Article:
Thursday, December 11, 2008

Hoffman: "'My Brave Mechanics': The First Michigan Engineers and Their Civil War"

["My Brave Mechanics": The First Michigan Engineers and Their Civil War by Mark Hoffman (Wayne State Univ. Press - Great Lakes Books, 2007) Cloth, 6 maps, tables, photos, appendices, notes, bibliography, index. Pages main/total: 333/498. ISBN:978-08143-3292-4 $44.95]

Engineering and logistics subjects remain small segments of Civil War publishing, a meagerness certainly not commensurate with their wartime importance. The opposing war departments themselves were initially unable to conceive of the critical role of specialized engineering units in the upcoming conflict, with the U.S. army electing to hold off on expanding the ranks of its regular army engineer formations. This left new volunteer units to pick up the slack. The First Michigan Engineers and Mechanics was just such a unit, and Mark Hoffman's recent book My Brave Mechanics is an exemplary regimental history.

Mr. Hoffman's service history of the regiment strikes the right note in terms of scope and level of detail. The First saw initial service in Kentucky, guarding supply lines and having a reserve role during the Battle of Mill Springs. As part of Don Carlos Buell's command, they moved into Tennessee and Mississippi (Corinth Campaign), before falling back into the Bluegrass State to oppose Braxton Bragg's invasion. Often operating in company and battalion sized detachments, the unit also lent its engineering expertise to the 1862-1863 Tennessee campaigns, as well as the Atlanta Campaign and the March to the Sea. The final acts of the war saw the engineers in the Carolinas and back in familiar Tennessee. Providing societal insights as well, the best modern regimental histories also explore unit demographics, and Hoffman's is no exception. The data compiled by the author is sprinkled throughout the text, as well as organized into several tables located in an appendix*.

The author does a very thorough job of explaining the many supporting roles performed by engineering formations within the Union army. These include the construction (as well as destruction) of bridges, railroads, telegraph lines, roads, blockhouses, and field fortifications. I only wish more line drawings were provided to go along with the technical descriptions. While often detailed to the rear areas, combat was not an uncommon experience for the First, as supply and lines of communication were frequently targeted by Confederate raiders and regular forces.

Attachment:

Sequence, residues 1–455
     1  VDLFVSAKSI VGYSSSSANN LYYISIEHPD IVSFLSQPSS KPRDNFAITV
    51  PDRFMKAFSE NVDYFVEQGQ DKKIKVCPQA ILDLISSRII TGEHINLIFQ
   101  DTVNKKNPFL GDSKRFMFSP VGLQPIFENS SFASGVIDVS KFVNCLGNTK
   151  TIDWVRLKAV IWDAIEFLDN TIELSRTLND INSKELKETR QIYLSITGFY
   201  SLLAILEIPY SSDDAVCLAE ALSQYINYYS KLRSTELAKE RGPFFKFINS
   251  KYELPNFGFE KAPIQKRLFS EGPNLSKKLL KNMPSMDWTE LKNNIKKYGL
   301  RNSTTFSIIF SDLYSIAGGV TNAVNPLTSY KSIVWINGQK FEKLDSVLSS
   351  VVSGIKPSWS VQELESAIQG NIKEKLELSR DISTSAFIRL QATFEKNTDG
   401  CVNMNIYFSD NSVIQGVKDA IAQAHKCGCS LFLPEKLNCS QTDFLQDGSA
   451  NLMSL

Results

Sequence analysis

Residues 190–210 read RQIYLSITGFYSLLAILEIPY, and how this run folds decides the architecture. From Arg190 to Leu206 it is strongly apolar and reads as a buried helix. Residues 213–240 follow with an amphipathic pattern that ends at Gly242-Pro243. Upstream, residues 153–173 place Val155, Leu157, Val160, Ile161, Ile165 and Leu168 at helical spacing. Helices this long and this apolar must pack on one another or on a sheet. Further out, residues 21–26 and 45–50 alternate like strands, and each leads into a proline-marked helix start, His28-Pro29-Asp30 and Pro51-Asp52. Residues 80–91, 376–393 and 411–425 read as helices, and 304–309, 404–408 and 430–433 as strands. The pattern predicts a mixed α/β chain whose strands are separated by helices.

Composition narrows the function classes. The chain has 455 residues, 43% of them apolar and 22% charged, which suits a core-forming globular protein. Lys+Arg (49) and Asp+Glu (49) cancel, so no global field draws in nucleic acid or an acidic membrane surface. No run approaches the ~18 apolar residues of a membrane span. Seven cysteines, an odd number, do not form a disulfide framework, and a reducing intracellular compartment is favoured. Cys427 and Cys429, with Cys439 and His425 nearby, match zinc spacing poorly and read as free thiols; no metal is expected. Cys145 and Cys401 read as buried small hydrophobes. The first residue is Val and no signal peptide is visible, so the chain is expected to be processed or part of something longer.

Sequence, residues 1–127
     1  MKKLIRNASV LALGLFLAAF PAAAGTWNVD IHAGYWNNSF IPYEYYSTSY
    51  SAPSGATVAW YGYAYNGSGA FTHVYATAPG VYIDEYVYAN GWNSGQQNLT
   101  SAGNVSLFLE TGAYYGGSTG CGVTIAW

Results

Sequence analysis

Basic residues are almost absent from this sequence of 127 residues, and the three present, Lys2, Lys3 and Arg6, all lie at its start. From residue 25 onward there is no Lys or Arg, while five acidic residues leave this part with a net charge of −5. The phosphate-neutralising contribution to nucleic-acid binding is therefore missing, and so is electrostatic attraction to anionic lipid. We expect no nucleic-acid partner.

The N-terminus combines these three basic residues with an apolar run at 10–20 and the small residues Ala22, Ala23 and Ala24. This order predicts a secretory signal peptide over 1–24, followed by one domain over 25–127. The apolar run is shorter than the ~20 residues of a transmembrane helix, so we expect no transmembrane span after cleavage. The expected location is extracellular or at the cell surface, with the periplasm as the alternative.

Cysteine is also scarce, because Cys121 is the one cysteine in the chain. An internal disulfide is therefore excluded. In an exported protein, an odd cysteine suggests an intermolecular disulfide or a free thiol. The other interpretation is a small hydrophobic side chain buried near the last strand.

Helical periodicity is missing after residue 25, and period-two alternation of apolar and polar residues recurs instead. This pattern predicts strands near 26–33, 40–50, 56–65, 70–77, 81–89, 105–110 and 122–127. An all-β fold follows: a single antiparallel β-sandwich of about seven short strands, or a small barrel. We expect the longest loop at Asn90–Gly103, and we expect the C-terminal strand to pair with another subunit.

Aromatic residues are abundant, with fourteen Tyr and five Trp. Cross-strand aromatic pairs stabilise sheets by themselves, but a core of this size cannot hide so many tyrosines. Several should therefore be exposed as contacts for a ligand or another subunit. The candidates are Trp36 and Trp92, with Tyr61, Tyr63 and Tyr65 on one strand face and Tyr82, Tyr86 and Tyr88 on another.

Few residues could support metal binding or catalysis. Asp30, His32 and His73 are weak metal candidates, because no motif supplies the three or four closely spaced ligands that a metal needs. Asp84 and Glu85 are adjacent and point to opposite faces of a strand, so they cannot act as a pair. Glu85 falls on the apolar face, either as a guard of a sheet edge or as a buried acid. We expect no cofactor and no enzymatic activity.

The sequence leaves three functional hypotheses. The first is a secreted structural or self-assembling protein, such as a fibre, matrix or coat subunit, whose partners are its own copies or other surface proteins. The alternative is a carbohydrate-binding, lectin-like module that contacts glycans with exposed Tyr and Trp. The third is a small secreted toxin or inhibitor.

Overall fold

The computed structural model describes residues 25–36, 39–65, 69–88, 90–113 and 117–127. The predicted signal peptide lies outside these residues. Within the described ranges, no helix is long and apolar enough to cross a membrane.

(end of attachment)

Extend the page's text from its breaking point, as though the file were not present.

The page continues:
My Brave Mechanics
has all the elements of a first-rate regimental history. The research is exemplary, the bibliography displaying a vast array of unpublished source materials, as well as a great volume and variety of published works consulted. The book's six maps, as large-scale representations of the areas traversed by the engineers during their war service, are adequate. The work's construction and materials quality are top notch. Well presented, deeply researched, and appropriately detailed, My Brave Mechanics is an original and important addition to the literature, a wonderful history of the military contribution of the volunteer engineers to the ultimate victory of the Union army in the western theater.

* - A complete roster is not included, but Hoffman has discovered some individuals missing from the list that is provided in vol. 43 of Record of Service of Michigan Volunteers in the Civil War.

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